Destinations and businesses need to regard their food and beverage industry as the glue that holds together every other part of the visitor’s tourism experience.

How does your destination or business regard your area’s food and drink? Let us know in the comments, or show us over on TwitterFacebookInstagram or LinkedIn.


Erik Wolf is the founder of the modern food travel trade industry, and also of the World Food Travel Association. He has served as the Association’s Executive Director since 2003.

Thought Leadership | Gastronomy tourism as a new way to tell old stories

 

By Maria Athanasopoulou

Those who work in the field of tourism know how crucial it is to constantly promote in new ways their destinations, tourism businesses, services and products. Travelers usually want to select a new destination to visit every year. If they do not find a new destination, and eventually decide to revisit a destination where they have traveled before, they need a new reason to do so. Travelers need a new perspective, a new approach that will convince them that even if they go to the same place, they will still have new experiences.

Each destination has already created its own brand name in the global tourism market. And it has linked its recognition and promotion to that brand name. Every place has created its own story, and it tells this story with the sole purpose of attracting more and more visitors. Entrepreneurs do this on their own for their companies, services and products.

This connection of the place to certain specific lodging properties on one hand is good because it creates a stability that leads to easier promotion to a larger audience. But as years go by, and the connection between the place or the individual businesses and hotels is not modernized, then the result can become negative. Suddenly, it doesn’t seem to be very popular to go somewhere where the pictures I see show me a place, a service, or a product that reminds me of the past. In a word, travelers crave novelty.

Of course the characteristics of a destination do not change, but we can talk about them in a completely different way. For example, instead of showing a well-known picture of a turquoise beach, we can add to this deserted beach a table full of enticing local dishes. It’s the same beach undoubtedly, but it immediately changes the whole meaning of the image, doesn’t it? In addition, we continue to refer to that famous beach itself, the photo of which is now familiar to the general public, surprising the viewer’s eye with an entirely new element.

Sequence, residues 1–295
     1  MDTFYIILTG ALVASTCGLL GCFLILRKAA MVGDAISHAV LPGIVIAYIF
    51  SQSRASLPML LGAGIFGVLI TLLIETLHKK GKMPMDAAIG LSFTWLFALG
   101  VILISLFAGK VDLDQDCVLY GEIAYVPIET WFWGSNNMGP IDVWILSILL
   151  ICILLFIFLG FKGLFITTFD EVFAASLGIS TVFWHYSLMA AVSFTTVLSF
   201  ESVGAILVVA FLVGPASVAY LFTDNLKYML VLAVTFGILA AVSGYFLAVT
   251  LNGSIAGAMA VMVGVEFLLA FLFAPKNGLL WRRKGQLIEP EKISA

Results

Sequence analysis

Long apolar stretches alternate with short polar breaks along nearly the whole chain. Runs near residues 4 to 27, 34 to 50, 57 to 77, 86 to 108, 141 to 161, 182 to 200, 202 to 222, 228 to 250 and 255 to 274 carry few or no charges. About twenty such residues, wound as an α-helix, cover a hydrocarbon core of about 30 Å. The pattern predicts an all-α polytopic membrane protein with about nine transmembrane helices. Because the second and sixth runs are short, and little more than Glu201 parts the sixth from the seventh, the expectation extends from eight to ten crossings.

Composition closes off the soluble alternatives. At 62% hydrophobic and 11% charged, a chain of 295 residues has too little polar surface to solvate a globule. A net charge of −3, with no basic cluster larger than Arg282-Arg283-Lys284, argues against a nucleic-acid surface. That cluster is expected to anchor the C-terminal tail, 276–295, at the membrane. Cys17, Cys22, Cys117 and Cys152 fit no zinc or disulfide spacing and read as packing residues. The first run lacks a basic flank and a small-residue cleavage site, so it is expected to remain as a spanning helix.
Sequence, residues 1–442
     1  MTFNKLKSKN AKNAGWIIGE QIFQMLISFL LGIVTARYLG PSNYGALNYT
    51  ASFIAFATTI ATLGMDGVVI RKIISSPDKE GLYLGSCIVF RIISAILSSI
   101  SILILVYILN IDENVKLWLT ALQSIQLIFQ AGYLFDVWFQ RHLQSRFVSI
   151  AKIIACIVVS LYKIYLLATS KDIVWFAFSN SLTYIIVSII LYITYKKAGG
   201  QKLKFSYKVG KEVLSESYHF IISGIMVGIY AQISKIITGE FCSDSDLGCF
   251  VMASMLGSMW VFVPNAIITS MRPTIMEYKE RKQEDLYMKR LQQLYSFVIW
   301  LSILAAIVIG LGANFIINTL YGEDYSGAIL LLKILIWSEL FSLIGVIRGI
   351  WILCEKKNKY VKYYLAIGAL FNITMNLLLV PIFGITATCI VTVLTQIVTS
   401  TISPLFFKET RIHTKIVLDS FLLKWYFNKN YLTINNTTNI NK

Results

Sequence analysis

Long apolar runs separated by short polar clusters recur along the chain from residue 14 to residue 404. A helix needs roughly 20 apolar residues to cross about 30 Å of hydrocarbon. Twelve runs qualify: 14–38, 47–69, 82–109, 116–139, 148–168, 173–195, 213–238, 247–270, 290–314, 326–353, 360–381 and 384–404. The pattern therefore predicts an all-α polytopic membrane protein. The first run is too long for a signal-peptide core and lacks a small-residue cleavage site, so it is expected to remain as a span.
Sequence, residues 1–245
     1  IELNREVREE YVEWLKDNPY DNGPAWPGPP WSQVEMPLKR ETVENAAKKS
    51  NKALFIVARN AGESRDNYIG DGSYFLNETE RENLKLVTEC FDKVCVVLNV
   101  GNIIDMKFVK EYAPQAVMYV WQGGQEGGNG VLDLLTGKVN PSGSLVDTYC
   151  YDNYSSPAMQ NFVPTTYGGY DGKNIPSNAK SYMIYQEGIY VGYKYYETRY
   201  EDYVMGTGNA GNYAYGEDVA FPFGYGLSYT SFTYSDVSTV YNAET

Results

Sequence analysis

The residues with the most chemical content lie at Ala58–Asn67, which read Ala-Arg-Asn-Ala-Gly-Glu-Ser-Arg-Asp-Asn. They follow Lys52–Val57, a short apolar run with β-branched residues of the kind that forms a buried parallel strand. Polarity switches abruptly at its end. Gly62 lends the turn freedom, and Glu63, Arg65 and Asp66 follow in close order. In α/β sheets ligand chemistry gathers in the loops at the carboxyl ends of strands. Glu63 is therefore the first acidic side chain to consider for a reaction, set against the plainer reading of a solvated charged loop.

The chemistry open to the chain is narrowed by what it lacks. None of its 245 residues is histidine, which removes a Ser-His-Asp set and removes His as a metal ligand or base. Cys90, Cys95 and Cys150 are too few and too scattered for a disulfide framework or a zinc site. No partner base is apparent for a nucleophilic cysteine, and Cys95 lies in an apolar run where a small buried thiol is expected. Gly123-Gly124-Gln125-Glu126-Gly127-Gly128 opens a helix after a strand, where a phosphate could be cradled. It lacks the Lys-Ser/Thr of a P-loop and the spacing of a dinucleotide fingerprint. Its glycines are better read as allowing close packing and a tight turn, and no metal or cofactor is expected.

As for the hotels, a nice and luxurious room is always an incentive for the visitor. But if you add to this luxurious room a tray with a generous breakfast on the bed, stating that this is a local breakfast, the picture immediately changes, making it more appealing.
Even the products or services will appear more attractive, if we change their image and focusing more on taste. Then they will be more focused to the target.

Destinations also have their own story. Every year, every destination in the world repeats its story to the tourists who visit it or to those who want to visit it. Every destination talks about its beauty, history and culture, in a global language, the language of tourism. What if we presented the “same things” but in a more attractive way? Realizing that history and culture are reflected in the local cuisine of a place, we have already taken a very big step towards that more attractive presentation.

For example, if conquerors have passed from one place, this would have definitely left a mark on some of its local recipes. If any place has a long history, it will surely show us some local dishes that have been cooked there since antiquity until today.